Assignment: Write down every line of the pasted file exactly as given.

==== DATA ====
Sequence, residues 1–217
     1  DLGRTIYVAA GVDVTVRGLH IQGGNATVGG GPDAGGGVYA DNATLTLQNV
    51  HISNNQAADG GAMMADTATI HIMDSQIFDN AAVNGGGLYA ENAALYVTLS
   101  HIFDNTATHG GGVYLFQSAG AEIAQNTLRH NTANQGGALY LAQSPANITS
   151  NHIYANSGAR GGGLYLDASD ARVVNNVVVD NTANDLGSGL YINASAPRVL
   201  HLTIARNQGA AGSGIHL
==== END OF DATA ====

Sequence, residues 1–217
     1  DLGRTIYVAA GVDVTVRGLH IQGGNATVGG GPDAGGGVYA DNATLTLQNV
    51  HISNNQAADG GAMMADTATI HIMDSQIFDN AAVNGGGLYA ENAALYVTLS
   101  HIFDNTATHG GGVYLFQSAG AEIAQNTLRH NTANQGGALY LAQSPANITS
   151  NHIYANSGAR GGGLYLDASD ARVVNNVVVD NTANDLGSGL YINASAPRVL
   201  HLTIARNQGA AGSGIHL